The detailed mechanism by which SGLT2 inhibitors effectively inhibit a composite cardiovascular endpoint is unclear. In addition to reducing plasma volume, improving haemodynamics and lowering blood glucose levels, SGLT2 inhibitors promote weight loss, reduce visceral fat, lower blood pressure, increase HDL cholesterol and decrease triglycerides and uric acid levels. As an overall consequence, SGLT2 inhibitors probably reduce oxidative stress and the hyperactivity of the sympathetic nervous system.

The Comparative Effectiveness of Cardiovascular Outcomes in New Users of SGLT-2 Inhibitors (CVD-REAL) study is an international large-scale observational study that retrospectively verified the efficacy of SGLT2 inhibitors in patients with type 2 diabetes.7 In that trial, hospitalisation due to heart failure decreased by 31 % in patients receiving SGLT2 inhibitors compared with patients treated with a hypoglycaemic drug other than SGLT2 inhibitors. This inhibition is presumably related largely to the antihypertensive and diuretic actions of SGLT2 inhibitors. The trial also found that the overall mortality rate of patients decreased by 51 %. In that study, 87 % of the overall study population possessed no prior history of CVD. The mechanisms by which SGLT2 inhibitors reduce total mortality in patients both with and without CVD requires further study.

The results of epidemiological studies demonstrate that CVD risk increases before the onset of type 2 diabetes.3,4 Instead of blood glucose control in advanced diabetes, active intervention in patients in the early stages of impaired glucose tolerance may therefore be crucial for the inhibition of cardiovascular events. Thus, a more effective use of alpha-glucosidase inhibitors and SGLT2 inhibitors in such patients should be considered.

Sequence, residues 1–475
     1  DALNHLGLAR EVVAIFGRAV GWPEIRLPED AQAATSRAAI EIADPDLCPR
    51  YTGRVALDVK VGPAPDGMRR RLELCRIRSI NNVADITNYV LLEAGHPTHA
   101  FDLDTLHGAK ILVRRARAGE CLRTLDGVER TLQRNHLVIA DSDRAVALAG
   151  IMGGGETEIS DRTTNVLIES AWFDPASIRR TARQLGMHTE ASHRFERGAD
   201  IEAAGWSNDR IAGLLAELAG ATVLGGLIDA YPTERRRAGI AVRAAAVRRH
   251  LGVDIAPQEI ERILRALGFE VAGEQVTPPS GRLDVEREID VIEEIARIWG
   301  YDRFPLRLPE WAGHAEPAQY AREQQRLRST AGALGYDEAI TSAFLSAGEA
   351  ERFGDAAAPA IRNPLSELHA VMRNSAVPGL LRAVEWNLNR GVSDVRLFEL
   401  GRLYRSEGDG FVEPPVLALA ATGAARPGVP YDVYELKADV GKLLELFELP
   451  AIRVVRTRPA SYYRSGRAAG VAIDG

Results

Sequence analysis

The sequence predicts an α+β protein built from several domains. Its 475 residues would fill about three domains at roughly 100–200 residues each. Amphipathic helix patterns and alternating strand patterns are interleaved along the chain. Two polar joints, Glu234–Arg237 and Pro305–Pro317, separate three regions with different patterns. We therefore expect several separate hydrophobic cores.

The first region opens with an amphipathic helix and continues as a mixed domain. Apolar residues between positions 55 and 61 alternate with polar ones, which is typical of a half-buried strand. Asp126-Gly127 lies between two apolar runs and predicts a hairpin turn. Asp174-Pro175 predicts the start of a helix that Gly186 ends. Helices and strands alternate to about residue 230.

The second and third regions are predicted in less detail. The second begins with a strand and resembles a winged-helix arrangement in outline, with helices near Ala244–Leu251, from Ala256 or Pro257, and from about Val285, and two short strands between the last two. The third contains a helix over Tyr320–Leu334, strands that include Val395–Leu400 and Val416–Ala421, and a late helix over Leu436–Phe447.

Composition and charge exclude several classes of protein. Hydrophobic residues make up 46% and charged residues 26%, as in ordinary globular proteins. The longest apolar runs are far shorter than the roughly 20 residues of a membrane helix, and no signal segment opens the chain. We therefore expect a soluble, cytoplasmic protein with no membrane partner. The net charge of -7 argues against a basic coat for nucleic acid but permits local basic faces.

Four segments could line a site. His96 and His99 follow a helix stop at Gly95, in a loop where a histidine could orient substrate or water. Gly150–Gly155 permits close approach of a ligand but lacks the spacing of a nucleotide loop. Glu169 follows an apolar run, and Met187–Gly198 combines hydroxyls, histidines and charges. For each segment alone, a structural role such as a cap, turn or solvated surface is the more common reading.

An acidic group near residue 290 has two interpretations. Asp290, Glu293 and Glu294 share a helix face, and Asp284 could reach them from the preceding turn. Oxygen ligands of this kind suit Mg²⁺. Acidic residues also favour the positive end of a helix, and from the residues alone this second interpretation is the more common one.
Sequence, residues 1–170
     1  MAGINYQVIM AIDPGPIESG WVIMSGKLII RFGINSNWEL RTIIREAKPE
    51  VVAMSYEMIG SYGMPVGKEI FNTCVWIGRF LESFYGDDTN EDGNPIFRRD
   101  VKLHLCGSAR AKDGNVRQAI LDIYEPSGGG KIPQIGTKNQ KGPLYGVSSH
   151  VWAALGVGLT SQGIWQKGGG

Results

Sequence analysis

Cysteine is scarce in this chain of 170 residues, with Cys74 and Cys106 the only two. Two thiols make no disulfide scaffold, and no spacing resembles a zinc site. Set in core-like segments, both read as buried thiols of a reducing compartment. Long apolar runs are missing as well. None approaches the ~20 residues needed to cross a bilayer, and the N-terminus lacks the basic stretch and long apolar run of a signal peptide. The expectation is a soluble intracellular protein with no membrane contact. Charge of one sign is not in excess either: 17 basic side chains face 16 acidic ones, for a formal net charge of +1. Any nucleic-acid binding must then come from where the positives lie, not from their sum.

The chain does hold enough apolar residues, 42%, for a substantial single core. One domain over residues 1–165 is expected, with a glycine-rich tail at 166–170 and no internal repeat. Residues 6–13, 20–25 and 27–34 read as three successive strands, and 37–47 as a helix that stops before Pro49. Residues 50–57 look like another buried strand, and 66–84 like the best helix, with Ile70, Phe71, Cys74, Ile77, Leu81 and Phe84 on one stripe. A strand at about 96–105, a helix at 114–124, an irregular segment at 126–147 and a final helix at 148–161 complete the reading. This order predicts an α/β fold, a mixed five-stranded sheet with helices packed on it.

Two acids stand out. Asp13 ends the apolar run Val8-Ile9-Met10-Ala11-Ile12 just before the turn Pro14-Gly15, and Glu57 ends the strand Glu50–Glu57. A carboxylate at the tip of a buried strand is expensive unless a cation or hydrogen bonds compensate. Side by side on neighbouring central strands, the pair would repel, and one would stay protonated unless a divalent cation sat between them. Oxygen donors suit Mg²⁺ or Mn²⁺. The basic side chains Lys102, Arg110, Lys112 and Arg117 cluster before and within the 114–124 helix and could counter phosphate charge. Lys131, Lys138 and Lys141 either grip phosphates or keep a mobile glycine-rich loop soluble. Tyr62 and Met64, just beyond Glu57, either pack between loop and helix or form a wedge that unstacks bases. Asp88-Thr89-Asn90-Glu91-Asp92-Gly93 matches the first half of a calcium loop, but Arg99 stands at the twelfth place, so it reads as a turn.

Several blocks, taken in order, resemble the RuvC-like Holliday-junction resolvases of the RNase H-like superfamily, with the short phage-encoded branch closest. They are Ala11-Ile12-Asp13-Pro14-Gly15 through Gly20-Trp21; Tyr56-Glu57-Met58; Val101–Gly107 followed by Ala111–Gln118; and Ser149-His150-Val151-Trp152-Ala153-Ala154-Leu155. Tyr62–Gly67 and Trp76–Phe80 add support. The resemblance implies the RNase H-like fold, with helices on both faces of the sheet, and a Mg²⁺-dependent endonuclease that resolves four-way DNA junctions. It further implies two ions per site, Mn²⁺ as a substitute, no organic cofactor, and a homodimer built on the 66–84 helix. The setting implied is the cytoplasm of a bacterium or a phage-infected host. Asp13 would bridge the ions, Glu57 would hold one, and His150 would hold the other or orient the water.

References
  1. Action to Control Cardiovascular Risk in Diabetes Study Group, Gerstein HC, Miller ME, et al. Effects of intensive glucose lowering in type 2 diabetes. N Engl J Med 2008;358:2545–59.
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  2. Bonds DE, Miller ME, Bergenstal RM, et al. The association between symptomatic, severe hypoglycaemia and mortality in type 2 diabetes: retrospective epidemiological analysis of the ACCORD study. BMJ 2010;340:b4909.
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  3. Khaw KT, Wareham N, Luben R, et al. Glycated haemoglobin, diabetes, and mortality in men in Norfolk cohort of European Prospective Investigation of Cancer and nutrition (EPIC-Norfolk). BMJ 2001;322:15–8.
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  5. Chiasson JL, Josse RG, Gomis R, et al. Acarbose treatment and the risk of cardiovascular disease and hypertension in patients with impaired glucose tolerance: the STOP-NIDDM trial. JAMA 2003;290:486–94.
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  7. Kosiborod M, Cavender MA, Fu AZ, et al. Lower risk of heart failure and death in patients initiated on sodium-glucose cotransporter-2 inhibitors versus other glucose-lowering drugs: the CVD-REAL study (Comparative Effectiveness of Cardiovascular Outcomes in New Users of Sodium-Glucose Cotransporter-2 Inhibitors). Circulation 2017;136:249–59.